- Now, you also need to be careful with the caterpillars as the insects can wipe out the tree in less than 2 weeks. Snip the affected leaves and stems off that are present with caterpillars. You can also pick it with hands, place in plastic bag, seal it and keep in the freezer for about 24 hours. You can also use pesticides which contain bacillus thuringiensis. This will help treat caterpillars on tall trees.
As all parts of the plant are poisonous, make sure you wash your hands properly after pruning the oleanders. Discard whatever you cut in disposable bags, instead of burning it (the smoke is toxic). Help the trees grow in any desired shape you want, and keep the beauty of this ornamental plant alive.
Got Old, Overgrown Plants? Know When to Prune or Replace
Overgrown plant, old Texas sage (Leucophyllum frutescens ‘Green Cloud’)
You have undoubtedly seen an old, overgrown plants filled with mostly leafless branches that rarely flower anymore. Or, perhaps it is an aged succulent that has brown patches that are slowly encroaching onto the upper parts of the plant from the base. So, what is the solution for plants that no longer add decorative value to our landscape?
Old rosemary filled with unproductive woody growth
While some woody plants such as Texas sage or oleander can be rejuvenated by severely pruning them back, not all plants respond favorably to this and grow out again. Let’s take a look at some Southwestern favorite shrubs and succulents and talk about whether you should prune severely or when it’s best to replace.
Oleander that has undergone severe renewal pruning in spring.
Many shrubs can be rejuvenated by severely pruning them back, which gets rid of old, woody growth and stimulates the production of new branches, which will flower more (in the case of flowering shrubs). It is helpful to think of severe renewal pruning as the “fountain of youth” for many plants. This type of pruning is best done in spring, once the weather begins to warm up. Shrubs that respond well to this include bougainvillea, jojoba, lantana, oleander, Texas sage, and yellow bells. It’s important to note that not all shrubs will come back from this method, but the pruning didn’t kill the shrub – it only hastened the demise of the plant that was already in progress. If this happens, replace it with another.
Old desert spoon (Dasylirion wheeleri)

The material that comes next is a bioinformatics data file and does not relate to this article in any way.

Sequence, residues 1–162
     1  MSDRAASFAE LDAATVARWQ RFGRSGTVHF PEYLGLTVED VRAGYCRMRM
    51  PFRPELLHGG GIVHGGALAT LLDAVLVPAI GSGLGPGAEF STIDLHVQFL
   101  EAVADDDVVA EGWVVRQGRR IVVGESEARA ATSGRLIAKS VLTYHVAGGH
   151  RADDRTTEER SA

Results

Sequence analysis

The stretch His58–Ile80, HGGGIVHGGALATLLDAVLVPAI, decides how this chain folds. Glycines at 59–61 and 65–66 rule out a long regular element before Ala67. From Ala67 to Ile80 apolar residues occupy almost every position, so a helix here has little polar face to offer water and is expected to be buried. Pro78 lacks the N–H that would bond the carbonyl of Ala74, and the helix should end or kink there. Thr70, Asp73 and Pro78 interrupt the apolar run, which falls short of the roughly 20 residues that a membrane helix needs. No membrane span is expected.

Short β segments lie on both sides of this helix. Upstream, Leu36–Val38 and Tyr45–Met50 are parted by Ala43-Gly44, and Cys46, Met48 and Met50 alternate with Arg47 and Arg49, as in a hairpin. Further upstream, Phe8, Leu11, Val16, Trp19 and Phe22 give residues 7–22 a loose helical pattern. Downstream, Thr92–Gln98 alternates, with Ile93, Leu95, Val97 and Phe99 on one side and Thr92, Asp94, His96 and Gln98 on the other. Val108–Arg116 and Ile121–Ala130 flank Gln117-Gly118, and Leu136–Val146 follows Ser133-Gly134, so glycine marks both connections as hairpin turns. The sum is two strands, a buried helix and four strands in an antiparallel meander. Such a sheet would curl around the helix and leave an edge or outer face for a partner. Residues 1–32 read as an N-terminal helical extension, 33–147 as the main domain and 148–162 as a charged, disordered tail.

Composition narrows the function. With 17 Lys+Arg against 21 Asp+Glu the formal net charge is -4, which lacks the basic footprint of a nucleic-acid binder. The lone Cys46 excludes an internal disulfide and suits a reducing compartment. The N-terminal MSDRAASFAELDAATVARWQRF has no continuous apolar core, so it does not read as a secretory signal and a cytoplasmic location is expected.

There are some plants that don’t respond well to renewal pruning or where that isn’t possible to do in the case of succulents. In this case, the solution is simple – take them out and replace them with a younger version of the same plant. Examples of plants that are better removed and replaced include aloe, desert spoon, red yucca (hesperaloe), rosemary, and prickly pear cactus. When you think about it, the cost isn’t very high, when you consider the beauty that these plants added to your landscape for eight years or more.
Heavenly Cloud Texas Sage several weeks after severe pruning.
When you think about it, the cost isn’t very high, when you consider the beauty that these plants added to your landscape for eight years or more.
*Have you severely pruned back an old shrub and had it come back beautifully? Or, maybe you recently removed and replaced some old succulents?
Noelle Johnson, aka, 'AZ Plant Lady' is a horticulturist, certified arborist, and landscape consultant who helps people learn how to create, grow, and maintain beautiful desert gardens that thrive in a hot, dry climate. She does this through her consulting services, her online class Desert Gardening 101, and her monthly membership club, Through the Garden Gate. As she likes to tell desert-dwellers, "Gardening in the desert isn't hard, but it is different."
A Word of Caution
It's imporant to note again that oleanders contain a naturally occurring toxin (cardenolide glycosides) that, when ingested in certain quantities, can be harmful—even fatal—to humans and pets. If an individual comes in contact with any poisonous materials, contact your local Poison Control Center immediately. Learn more from UF Health.
Due to this, using oleander in a landscape should be carefully considered. Parents should avoid planting oleander in their home landscape where there is a potential for small children to consume parts of this plant. When disposing of pruned branches, don't burn them the toxins will become airborne and may cause respiratory difficulties if the smoke is inhaled. Pet owners and livestock producers also are cautioned to place this plant out of the reach of animals who may graze on it. But don't let this stop you from growing this beautiful and tough, low-maintenance shrub if you have the appropriate landscape for it.
For more information on growing oleander, contact your local county Extension office.